Tuesday, August 2, 2011

Statue honoring everyday women

The park that covers the main square of Santa Cruz has a statue on each corner. Each has a very different theme, and I will show the others in the future. This statue is entitled "To the rural women." The plaque, shown below, reads "In honor of the rural women, whose effort and commitment everyday preserves the traditions and culture of our people."

I think it is a good that the statue commemorates common people who are the backbone of society but who are often ignored in the commemoration of military heros or other dignitaries. Costa Rica is the only country in Latin America without a liberator to honor. Costa Rica never had a struggle for independence. When Nicaragua obtained its independence, Spain simply gave up ruling over Costa Rica as well. It did not have gold or silver, so it was of little importance to Spain.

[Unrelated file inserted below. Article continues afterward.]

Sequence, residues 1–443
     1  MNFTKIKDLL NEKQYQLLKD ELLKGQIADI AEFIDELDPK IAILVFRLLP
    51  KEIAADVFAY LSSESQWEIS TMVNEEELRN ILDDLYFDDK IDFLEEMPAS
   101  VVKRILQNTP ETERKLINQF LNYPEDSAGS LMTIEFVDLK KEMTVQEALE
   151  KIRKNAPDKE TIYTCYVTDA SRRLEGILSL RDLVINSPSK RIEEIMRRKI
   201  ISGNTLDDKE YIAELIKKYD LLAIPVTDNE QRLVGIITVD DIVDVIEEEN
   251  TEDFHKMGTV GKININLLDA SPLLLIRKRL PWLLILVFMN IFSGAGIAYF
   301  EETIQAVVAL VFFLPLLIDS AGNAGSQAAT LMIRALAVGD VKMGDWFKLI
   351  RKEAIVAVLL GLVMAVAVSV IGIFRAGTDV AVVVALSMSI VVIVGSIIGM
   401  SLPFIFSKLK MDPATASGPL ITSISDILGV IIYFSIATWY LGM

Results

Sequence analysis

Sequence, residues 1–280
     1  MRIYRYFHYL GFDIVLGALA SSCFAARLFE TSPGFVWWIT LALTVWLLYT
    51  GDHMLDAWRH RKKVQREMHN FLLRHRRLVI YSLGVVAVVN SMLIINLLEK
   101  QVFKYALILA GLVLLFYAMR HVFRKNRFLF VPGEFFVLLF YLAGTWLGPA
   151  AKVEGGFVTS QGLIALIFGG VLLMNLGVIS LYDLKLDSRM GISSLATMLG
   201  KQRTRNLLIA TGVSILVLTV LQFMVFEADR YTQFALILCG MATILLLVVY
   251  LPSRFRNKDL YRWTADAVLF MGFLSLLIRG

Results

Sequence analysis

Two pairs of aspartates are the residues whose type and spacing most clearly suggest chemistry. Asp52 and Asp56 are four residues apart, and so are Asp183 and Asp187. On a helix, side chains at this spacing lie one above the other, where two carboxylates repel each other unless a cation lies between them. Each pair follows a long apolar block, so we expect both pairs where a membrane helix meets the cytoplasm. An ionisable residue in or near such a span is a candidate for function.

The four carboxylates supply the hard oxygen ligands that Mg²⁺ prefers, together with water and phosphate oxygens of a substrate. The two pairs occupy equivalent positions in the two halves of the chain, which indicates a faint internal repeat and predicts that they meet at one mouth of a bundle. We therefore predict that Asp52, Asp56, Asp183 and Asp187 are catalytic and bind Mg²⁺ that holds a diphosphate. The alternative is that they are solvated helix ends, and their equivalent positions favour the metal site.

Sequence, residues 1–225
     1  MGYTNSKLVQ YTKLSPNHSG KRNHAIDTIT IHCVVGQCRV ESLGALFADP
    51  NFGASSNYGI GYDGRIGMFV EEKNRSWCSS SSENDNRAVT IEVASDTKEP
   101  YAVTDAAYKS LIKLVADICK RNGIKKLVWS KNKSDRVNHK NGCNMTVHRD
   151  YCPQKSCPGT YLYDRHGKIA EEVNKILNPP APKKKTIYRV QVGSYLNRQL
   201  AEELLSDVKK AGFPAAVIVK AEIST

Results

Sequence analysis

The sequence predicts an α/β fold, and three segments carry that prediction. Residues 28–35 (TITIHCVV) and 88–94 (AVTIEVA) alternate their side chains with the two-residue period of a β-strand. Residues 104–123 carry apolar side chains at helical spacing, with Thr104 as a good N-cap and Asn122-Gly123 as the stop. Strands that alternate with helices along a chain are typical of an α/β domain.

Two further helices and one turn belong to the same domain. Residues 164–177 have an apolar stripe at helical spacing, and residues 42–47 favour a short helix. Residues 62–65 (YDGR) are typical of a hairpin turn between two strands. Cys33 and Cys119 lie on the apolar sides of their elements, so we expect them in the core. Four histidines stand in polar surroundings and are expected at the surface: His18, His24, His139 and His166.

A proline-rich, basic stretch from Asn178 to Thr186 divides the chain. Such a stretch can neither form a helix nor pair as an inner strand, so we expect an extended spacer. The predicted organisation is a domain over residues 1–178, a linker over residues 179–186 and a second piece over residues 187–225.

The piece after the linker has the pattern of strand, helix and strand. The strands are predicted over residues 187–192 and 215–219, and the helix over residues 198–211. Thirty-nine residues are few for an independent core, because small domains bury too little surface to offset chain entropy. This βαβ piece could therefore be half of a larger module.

This week we have photos of the Music Palace in Barcelona on our Viva la Voyage travel photo site. This week we are showing the interior of the Music Palace in Barcelona. If you have not been there, you are in for a treat.

9 comments:

Kate said...

I've discovered in visits to several countries, that women are often the backbone of society. Little credit so this statue compensates somewhat.

brattcat said...

that's an unusual sky behind that thoughtful monument...was it a storm, dawn, dusk?

Dave-CostaRicaDailyPhoto.com said...

Brattcat,
The unusual sky is due to the fact that it was close to dusk, there was a low cloud cover, and occasional drizzle of light rain. I used a fill in flash to illuminate the statue, as otherwise the photo was too dark shooting up against the sky. I will show some additional photos from this stop in the next few days.

Lois said...

It is very pretty and I like that color!

Sharon said...

I like this monument to women.

Jarart said...

I like this very much! What is it made from? The color is unusual.

glenda said...

Lovely statue, lovely idea! Loved your postcard shot from yesterday.

Jack said...

I agree with your comment about the rarity of statues honoring ordinary people. In painting, artists began doing that in the mid-1800s (remember Millet's Gleaners?) but it seems to be less common in sculpture.

Cassy said...

That's nice way of showing appreciation to all lovely mothers.

Cassy from Classical Guitar Lessons

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